|1990 British Army Gazelle shootdown|
|Part of The Troubles and Operation Banner|
British Army personnel inspecting the Gazelle's wreckage
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between Augher and Derrygorry,|
Republic of Ireland–United Kingdom border
11 February 1990 |
|Target||British Army helicopter|
On 11 February 1990, an active service unit of the Provisional IRA East Tyrone Brigade shot down a British Army Gazelle helicopter (serial number ZB687) along the border between Northern Ireland and the Republic of Ireland. It took place between Augher in County Tyrone and Derrygorry in County Monaghan. The helicopter was hit several times by heavy machine-gun fire and crash-landed on an open field, injuring three members of its crew of four.
Since early December 1989, the British Army had been on alert in and around County Tyrone after a credible threat was made by a suspected member of the IRA about an imminent attack. On 13 December, a major assault took place when an IRA team raided a permanent vehicle checkpoint manned by members of the King's Own Scottish Borderers (KOSB) regiment near Derryard, County Fermanagh, just a few yards from the border with the Republic. Two soldiers were killed in an attack that involved the use of machine guns, rocket-propelled grenades and even a flamethrower. While British officials focused on members of the IRA from County Monaghan, in the Republic, supported by others from Clogher, County Tyrone, author Ed Moloney asserts that the culprit was a flying column made up of IRA volunteers from different brigades, commanded by Michael "Pete" Ryan from the East Tyrone Brigade. The execution of hit-and-run raids by the IRA was "professional" and "calculating" according to British military sources.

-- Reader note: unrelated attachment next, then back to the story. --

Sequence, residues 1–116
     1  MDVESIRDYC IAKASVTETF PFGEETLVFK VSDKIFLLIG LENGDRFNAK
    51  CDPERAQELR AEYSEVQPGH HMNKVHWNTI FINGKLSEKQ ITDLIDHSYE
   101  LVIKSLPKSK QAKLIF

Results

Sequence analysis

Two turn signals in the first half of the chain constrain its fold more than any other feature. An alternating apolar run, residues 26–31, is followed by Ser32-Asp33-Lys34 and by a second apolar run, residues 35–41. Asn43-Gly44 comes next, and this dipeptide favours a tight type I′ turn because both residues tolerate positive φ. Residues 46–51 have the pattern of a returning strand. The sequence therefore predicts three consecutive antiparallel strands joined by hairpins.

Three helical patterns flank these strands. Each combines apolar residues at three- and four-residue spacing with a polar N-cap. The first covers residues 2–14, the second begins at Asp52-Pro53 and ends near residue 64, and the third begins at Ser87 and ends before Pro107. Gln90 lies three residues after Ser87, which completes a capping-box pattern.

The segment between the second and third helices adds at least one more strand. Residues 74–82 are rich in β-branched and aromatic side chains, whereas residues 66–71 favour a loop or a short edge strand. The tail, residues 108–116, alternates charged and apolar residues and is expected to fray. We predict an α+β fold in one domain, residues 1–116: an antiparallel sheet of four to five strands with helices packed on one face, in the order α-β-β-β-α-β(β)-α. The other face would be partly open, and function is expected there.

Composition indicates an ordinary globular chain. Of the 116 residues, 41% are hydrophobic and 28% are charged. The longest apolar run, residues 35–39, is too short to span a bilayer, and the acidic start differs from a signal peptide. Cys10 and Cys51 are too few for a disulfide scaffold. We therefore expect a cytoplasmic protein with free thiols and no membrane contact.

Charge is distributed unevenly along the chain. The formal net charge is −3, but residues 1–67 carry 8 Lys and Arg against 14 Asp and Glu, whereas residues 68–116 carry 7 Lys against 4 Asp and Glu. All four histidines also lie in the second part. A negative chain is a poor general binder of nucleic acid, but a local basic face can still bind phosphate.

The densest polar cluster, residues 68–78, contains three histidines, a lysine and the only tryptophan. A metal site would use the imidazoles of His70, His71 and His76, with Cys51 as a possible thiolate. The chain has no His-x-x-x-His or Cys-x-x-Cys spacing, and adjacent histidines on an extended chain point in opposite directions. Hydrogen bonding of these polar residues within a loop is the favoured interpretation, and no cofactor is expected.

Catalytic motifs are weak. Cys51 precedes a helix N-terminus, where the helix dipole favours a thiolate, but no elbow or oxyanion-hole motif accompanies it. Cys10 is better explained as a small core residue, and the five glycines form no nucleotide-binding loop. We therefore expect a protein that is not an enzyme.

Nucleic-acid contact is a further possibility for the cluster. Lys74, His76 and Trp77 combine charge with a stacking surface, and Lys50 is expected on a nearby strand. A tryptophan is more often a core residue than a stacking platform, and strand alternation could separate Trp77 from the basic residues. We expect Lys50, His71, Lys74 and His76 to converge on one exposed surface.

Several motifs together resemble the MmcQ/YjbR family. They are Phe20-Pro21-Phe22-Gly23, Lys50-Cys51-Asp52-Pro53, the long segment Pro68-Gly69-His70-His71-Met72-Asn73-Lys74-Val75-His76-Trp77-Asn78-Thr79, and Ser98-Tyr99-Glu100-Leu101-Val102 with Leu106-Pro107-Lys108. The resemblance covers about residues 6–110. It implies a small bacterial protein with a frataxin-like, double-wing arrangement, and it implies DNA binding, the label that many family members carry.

On 11 January 1990, a patrol of the King's Own Scottish Borderers was sent to investigate a suspicious column of vehicles close to the border with the support of an unarmed Gazelle helicopter from the 656 Squadron, Army Air Corps. The motorcade was actually a diversionary manoeuvre set up by the East Tyrone Brigade to lure the troops into an ambush. As usual during the KOSB tour in Northern Ireland, the soldiers would be backed up by a helicopter. The main mission of the helicopters was to airlift patrols to different locations during a single day. Another key role was to scan the terrain for potential enemy ambushes and to block the IRA getaway by landing reinforcements on their escape route. It was never determined if the Provisionals had previously planned the shooting of the Gazelle or if the helicopter became a target of opportunity.
At 16:30, a local witness heard 50 to 60 shots fired, then she saw the helicopter skimming over an open field just north of the border, near Derrygorry, in the Republic. The Gazelle, serial number ZB687, was hit by a number of rounds and lost oil pressure. The crew was forced to crash-land the machine, which broke-up on impact. The RUC and British Army sealed-off the scene as an investigation was mounted. The official report confirmed that the Gazelle had been on a reconnaissance flight. Three crew members were wounded in the crash, one of them a sergeant major from the KOSB, who suffered spinal injuries. None of the injured was hit by gunfire. Another crewmember survived unscathed. The incident was covered by an ITN news report, which shows the helicopter wreckage being examined by Army technicians. The remains were kept under armed guard for further forensic analysis for several days before being removed from the field.